The metal is toxic if ingested by young children and can cause health risks with long-term exposure.
Thursday, July 01: Deadly Chemical Found in Baby Bottles Banned in Maryland
NewsCore: Men around the world were delighted to have a new excuse to avoid shopping after a deadly chemical found in printed receipts was linked to impotency – but its more serious side effects were highlighted Thursday as a ban on the substance came into effect in Maryland.
Maryland was the fourth U.S. state to ban the chemical Bisphenol A, commonly known as BPA, which was linked to early puberty, childhood obesity, autism, reproductive problems, breast cancer and other medical issues.
Thursday, July 01: Testosterone Gel Linked to Heart Problems
Reuters: Testosterone treatments may build muscle mass in older men, but they may carry a risk of heart problems in people with poor mobility, U.S. researchers said on Wednesday.
The Massachusetts study, reported online by the New England Journal of Medicine, was halted after six months because the men using a hormone gel were developing so many heart, breathing and skin problems compared to patients applying a placebo gel to their shoulders or upper arms every day.
“I think the study raises important questions about the safety of giving testosterone to older individuals,” Dr. Shalender Bhasin of the Boston University School of Medicine said in a telephone interview.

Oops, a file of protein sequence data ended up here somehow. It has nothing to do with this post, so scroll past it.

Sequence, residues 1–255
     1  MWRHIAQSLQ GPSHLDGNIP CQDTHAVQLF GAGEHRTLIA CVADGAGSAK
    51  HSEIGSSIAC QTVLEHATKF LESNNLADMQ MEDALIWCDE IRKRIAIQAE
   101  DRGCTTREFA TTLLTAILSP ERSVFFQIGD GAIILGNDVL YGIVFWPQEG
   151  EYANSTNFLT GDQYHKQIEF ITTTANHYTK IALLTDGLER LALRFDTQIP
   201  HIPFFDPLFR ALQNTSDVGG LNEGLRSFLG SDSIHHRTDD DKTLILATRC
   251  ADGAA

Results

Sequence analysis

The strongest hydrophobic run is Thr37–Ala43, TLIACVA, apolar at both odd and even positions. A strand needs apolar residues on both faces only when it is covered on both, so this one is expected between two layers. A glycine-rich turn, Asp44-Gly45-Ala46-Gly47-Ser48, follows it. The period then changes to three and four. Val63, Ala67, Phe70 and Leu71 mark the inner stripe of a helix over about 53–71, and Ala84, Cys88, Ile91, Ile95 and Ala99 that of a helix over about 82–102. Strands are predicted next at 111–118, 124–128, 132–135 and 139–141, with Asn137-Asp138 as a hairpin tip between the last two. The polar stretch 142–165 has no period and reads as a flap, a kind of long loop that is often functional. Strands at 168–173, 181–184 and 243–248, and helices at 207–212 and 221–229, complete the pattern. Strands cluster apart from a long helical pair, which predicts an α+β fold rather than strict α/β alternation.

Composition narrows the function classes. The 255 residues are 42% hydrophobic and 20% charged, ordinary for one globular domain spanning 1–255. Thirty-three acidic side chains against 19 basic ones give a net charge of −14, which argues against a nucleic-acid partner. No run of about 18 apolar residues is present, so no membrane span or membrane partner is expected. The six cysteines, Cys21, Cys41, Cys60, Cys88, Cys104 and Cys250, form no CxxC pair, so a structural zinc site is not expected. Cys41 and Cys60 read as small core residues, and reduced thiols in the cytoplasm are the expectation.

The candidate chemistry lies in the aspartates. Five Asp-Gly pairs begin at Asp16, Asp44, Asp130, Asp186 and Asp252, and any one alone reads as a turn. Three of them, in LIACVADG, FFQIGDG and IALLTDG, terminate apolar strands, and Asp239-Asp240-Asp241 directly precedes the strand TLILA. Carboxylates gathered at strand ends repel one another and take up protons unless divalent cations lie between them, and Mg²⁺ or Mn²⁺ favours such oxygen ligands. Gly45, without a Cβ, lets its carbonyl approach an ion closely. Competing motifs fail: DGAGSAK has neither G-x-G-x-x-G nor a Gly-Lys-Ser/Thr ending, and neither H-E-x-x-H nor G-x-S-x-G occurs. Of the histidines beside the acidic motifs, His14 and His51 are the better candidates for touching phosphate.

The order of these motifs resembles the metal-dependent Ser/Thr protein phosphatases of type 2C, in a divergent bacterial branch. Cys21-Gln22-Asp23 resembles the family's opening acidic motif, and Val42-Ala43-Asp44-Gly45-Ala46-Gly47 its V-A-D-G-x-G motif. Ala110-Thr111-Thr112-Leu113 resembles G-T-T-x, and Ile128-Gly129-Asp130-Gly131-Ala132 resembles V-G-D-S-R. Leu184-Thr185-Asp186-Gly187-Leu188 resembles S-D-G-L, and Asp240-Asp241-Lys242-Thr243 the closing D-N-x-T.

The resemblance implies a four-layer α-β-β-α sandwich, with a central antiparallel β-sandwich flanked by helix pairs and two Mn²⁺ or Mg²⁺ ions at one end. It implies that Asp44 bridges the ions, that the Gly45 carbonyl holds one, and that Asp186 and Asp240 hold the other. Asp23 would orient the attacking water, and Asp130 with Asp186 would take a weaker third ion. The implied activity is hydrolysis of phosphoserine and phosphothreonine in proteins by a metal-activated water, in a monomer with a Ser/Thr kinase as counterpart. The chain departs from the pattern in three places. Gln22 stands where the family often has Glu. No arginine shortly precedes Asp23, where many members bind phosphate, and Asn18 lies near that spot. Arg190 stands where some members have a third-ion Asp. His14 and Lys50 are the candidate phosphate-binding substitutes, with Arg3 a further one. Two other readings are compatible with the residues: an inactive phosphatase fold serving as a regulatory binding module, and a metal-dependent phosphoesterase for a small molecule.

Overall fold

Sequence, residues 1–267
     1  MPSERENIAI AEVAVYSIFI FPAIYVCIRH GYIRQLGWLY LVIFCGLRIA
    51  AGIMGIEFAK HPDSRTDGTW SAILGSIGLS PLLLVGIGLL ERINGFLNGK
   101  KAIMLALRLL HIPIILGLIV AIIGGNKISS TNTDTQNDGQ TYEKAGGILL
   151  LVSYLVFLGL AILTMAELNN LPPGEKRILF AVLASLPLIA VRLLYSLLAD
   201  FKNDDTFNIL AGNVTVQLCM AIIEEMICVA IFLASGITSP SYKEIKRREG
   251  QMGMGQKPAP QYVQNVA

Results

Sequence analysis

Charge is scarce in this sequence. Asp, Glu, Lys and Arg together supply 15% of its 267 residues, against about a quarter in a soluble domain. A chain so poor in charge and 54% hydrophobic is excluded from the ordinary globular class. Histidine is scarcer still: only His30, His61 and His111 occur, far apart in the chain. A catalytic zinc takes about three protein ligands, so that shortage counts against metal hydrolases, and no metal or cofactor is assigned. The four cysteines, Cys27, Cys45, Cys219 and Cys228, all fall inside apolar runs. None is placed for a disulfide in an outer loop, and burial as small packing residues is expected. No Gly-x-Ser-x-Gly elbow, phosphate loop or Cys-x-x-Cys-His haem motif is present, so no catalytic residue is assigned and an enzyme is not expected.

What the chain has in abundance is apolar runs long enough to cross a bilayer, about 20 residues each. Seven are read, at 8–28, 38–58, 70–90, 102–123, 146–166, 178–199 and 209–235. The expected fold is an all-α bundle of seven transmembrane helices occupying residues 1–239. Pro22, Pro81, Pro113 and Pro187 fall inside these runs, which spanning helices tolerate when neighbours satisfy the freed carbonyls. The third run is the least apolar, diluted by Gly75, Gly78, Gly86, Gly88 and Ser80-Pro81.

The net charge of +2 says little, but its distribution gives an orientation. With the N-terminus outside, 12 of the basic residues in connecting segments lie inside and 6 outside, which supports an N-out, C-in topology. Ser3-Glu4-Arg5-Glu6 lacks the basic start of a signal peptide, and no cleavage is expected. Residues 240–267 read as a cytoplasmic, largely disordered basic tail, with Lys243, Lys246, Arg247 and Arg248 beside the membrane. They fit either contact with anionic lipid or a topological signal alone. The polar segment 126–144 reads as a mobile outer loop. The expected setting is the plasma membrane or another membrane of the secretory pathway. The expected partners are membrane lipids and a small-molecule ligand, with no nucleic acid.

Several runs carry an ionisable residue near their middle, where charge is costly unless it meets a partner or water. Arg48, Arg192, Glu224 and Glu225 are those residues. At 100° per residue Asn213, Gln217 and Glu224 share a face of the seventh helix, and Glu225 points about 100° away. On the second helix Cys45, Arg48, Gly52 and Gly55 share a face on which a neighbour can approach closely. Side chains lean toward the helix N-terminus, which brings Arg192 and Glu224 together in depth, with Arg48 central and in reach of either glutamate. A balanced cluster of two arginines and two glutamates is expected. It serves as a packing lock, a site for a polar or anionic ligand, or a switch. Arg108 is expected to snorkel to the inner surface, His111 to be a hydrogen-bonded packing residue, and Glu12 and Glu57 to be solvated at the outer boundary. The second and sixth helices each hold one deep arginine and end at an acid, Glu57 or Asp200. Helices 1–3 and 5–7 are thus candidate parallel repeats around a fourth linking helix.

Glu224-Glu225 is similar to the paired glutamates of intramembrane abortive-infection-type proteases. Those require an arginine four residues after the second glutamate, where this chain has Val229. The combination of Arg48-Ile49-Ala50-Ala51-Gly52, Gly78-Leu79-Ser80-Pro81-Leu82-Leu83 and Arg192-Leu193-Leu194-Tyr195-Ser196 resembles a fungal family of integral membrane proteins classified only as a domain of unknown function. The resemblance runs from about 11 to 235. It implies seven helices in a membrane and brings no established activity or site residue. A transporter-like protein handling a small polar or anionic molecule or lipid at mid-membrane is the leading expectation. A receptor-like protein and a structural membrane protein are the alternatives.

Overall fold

Friday, July 02: Group to Show Car for Blind Drivers
Associated Press:Could a blind person drive a car? Researchers are trying to make that far-flung notion a reality.
The National Federation of the Blind and Virginia Tech plan to demonstrate a prototype vehicle next year equipped with technology that helps a blind person drive a car independently.
The technology, called “nonvisual interfaces,” uses sensors to let a blind driver maneuver a car based on information transmitted to him about his surroundings: whether another car or object is nearby, in front of him or in a neighboring lane.
Friday, July 02: Cold Cereal Might Beat a Hot Breakfast
Reuters: You needn’t feel guilty if you don’t cook hot breakfasts for your kids. In a recent large study of children that compared breakfast-skippers, cereal eaters, and kids who had “other” breakfasts, the cereal-eaters came out on top for healthiest diets.
Regardless of whether their breakfasts were relatively high or low in sugar, the cereal eaters did not consume more than the daily recommended amount.
The breakfast skippers, on the other hand, got more of their daily energy from “added sugars” than breakfast eaters and ended up with less fiber, fewer nutrients, and the smallest percent of their daily energy provided by protein.
For more articles by this writer, click here.
These articles by R.C. Johnson may be of special interest:
Health News Update: Stories You May Have Missed, Part 6
Health News Update: Stories You May Have Missed, Part 5
Health News Update: Stories You May Have Missed, Part 4
Health News Update: Stories You May Have Missed, Part 3
Health News Update: Stories You May Have Missed, Part 2
Health News Update: Stories You May Have Missed